More than half of the world is online, but…

It’s cause for celebration that more than half of the world is now using the internet, but the difference in connectivity rates between the richest and poorest countries has remained nearly the same for a decade, and overall growth rates have slowed.


Global averages can hide that only some world regions have connected more than 50% of their population. Europe reached 50% eleven years before the rest of the world, and has now reached nearly 80%. Meanwhile only 24% of people in Africa use the internet.

To really understand the weight of this inequality, consider that more than 80% of the world’s population lives in developing countries. If there were only 100 people living in the world, almost 56 of them would be living in the Asia & Pacific region where the world’s most populous countries, China and India, are. Only 26 would have internet access.

In Europe, 7 out of 9 people would be using the internet. And in Africa, less than 4 out of 13 would be online.

Which world regions have more than 50% of people online?

Key ICT indicators for developed and developing countries and the world, International Telecommunications Union (ITU), 2018

Inequalities don’t just stop at access. The least connected regions also contend with the least dependable and slowest internet at the least affordable prices. Moreover, women are disconnected to a higher degree than men, worsening the effects of gender inequality.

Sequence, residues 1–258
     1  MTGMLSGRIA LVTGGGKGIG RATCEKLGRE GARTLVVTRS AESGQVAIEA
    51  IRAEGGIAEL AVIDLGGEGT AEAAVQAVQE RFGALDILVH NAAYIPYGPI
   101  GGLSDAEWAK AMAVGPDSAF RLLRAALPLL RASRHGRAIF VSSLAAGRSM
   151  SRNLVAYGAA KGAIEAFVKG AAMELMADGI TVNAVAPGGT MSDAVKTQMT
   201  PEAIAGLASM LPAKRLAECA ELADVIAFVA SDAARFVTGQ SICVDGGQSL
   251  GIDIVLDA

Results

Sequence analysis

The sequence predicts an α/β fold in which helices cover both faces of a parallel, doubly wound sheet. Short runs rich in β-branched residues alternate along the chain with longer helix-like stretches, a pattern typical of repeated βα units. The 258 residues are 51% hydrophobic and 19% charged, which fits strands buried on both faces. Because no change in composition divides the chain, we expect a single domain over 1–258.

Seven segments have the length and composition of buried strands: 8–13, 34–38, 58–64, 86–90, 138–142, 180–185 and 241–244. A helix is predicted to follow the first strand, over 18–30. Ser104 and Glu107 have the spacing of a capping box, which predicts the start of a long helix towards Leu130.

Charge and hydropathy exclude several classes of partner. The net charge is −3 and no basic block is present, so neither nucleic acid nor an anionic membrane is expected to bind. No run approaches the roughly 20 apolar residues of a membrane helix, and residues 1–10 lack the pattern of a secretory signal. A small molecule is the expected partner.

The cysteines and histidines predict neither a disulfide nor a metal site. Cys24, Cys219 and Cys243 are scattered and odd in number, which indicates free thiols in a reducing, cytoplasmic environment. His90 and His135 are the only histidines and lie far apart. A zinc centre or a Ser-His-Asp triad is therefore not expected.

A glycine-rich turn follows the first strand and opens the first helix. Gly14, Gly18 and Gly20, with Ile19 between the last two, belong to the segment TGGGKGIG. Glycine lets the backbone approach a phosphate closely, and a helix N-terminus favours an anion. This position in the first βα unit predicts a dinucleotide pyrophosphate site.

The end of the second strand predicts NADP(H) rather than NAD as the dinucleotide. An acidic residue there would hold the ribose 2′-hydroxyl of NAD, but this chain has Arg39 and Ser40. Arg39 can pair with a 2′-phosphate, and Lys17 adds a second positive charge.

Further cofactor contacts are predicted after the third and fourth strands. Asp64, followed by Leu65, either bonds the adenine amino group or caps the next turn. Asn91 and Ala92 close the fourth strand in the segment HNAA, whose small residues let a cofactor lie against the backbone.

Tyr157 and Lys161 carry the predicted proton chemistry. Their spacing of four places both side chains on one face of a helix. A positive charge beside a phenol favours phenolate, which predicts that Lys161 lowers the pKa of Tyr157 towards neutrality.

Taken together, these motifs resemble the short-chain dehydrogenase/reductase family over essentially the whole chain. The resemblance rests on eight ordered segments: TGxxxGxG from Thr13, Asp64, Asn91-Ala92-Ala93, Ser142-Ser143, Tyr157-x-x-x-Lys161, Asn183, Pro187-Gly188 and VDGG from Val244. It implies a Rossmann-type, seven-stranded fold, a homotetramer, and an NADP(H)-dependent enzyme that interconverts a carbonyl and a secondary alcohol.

Universal and affordable internet for all is one key aspiration of the United Nations Sustainable Development Goals, because unless the internet is accessible, other development factors lag behind, including education, health, and free speech. Overcoming digital divides requires long-term planning and commitments on the part of governments, the private sector and civil society.

If there were only 100 people in the world, here’s who would be online

Combined data from Key ICT indicators for developed and developing countries and the world, International Telecommunications Union (ITU), 2018 and World Population Prospects 2017, United Nations DESA/Population Division, 2017. Icons: “people” by on NounProject (CC-BY)

How are digital divides overcome in your country?

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